Kate (Catherine Zeta-Jones) is the popular and successful chef at Paula's (Patricia Clarkson) small but busy New York restaurant, entirely dedicated to her job, with no time or headspace (or heartspace) for anyone else. Her single mum sister Leah (Jenny Wade) is about to drive to New York to visit Kate with Leah's 8-year old niece Zoe (Abigail Breslin); but when a tragic accident leaves Zoe without a mother, Kate honours her promise to take care of Zoe. And just as Zoe comes into her life, so does Nick (Aaron Eckhart), a flamboyant sous-chef hired by Paula, by whom she feels threatened. She doesn't cope well with either intrusion.

It’s simpler than the original and adds some welcome twists.

The word remake automatically sends shivers up my spine but occasionally a movie does benefit from reinterpretation. So it is with No Reservations, the new version of the 2001 German film Mostly Martha.

Messing with a tried and tested recipe is risky - but what Australian director Scott Hicks and scriptwriter Carol Fuchs serve up is more satisfying than the original.

This time, our chef is the closed-off perfectionist Kate, who rules the kitchen of a well-regarded New York restaurant.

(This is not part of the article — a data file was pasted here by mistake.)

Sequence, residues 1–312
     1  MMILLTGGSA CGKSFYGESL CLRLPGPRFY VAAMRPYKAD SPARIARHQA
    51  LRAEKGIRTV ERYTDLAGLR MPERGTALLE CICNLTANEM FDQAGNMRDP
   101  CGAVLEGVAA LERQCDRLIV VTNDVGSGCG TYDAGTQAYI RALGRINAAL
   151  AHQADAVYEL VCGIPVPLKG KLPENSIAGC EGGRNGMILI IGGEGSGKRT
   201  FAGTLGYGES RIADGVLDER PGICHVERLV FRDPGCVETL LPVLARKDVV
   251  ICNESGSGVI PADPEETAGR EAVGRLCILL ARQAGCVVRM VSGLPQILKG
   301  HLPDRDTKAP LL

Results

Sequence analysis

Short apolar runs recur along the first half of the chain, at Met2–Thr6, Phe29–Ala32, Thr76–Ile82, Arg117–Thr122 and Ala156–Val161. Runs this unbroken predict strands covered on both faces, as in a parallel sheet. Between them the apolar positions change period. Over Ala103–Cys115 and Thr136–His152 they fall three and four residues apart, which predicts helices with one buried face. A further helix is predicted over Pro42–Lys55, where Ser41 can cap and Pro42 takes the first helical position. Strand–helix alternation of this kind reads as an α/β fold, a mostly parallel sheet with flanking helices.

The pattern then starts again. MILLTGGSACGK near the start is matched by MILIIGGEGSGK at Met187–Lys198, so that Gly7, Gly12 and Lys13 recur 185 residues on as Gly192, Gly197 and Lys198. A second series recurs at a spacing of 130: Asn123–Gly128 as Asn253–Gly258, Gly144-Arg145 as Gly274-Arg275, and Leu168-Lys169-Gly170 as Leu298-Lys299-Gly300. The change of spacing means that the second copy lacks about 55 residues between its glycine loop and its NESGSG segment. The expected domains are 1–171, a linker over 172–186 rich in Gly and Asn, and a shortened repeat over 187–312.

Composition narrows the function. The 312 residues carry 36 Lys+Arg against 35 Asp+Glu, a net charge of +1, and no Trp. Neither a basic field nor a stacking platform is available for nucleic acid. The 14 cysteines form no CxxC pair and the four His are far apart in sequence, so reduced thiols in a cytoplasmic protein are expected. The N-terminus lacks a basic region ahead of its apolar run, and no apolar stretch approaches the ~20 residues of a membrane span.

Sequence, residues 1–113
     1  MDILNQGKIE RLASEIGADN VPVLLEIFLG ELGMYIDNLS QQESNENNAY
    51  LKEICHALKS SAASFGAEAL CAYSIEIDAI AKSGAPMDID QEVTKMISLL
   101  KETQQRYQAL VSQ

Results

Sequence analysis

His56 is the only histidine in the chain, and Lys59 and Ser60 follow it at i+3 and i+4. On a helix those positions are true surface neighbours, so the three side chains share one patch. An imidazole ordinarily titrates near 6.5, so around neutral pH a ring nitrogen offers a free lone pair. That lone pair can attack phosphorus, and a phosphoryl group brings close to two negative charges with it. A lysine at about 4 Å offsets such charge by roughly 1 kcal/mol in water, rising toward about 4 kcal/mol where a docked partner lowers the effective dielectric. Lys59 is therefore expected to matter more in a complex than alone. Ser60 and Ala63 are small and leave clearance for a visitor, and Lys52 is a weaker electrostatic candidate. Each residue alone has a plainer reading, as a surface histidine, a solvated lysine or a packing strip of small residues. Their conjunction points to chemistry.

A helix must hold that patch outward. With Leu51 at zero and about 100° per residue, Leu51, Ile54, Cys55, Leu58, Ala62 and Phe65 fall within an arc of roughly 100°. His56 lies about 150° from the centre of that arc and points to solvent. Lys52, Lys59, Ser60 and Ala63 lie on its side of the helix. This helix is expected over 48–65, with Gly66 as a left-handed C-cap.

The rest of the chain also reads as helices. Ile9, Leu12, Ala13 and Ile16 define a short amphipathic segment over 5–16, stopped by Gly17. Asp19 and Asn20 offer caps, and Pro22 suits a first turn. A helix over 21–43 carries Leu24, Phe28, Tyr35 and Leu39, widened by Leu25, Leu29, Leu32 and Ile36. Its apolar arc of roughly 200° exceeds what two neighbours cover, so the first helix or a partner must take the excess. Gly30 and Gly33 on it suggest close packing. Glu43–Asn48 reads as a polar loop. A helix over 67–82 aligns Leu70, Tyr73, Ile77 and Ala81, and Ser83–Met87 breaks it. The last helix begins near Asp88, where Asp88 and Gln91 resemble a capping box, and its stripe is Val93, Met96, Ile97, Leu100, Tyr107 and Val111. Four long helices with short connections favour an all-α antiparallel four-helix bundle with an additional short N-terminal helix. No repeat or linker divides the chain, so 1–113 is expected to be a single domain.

Kate’s world begins to crumble when her sister’s killed and she has to take care of her niece Zoe - a task for which she’s unprepared. Her bereavement opens the way for her boss to hire a new chef to help her in the kitchen – a move Kate sees as a threat.

Although promoted as a romantic comedy, the well-made Mostly Martha was mostly maudlin. No Reservations lightens the mood.

It’s simpler than the original and adds some welcome twists.

Catherine Zeta Jones is terrific in the lead. I loved her recreation of little details, the way she wraps her apron around her like a protective religious garment. What I would’ve liked - and Mostly Martha didn’t provide it either – is some insight into why she became so emotionally isolated in the first place.

Aaron Eckhart’s love interest Nick is a tad overcooked. An actor at his best playing the bastard, he initially tries too hard as a charming eccentric. But when he simmers down, he and Zeta Jones complement each other nicely.

Meanwhile, the heartfelt tone is intact, with Abigail Breslin – Little Miss Sunshine herself – affecting as the understandably wounded Zoe.

Crucially, there are more laughs this time around - while Scott Hicks has added sugar to the recipe he mostly avoids treacle.

Cinematic comfort food for a wintry Sunday afternoon, I’m giving this 3 and ½ stars.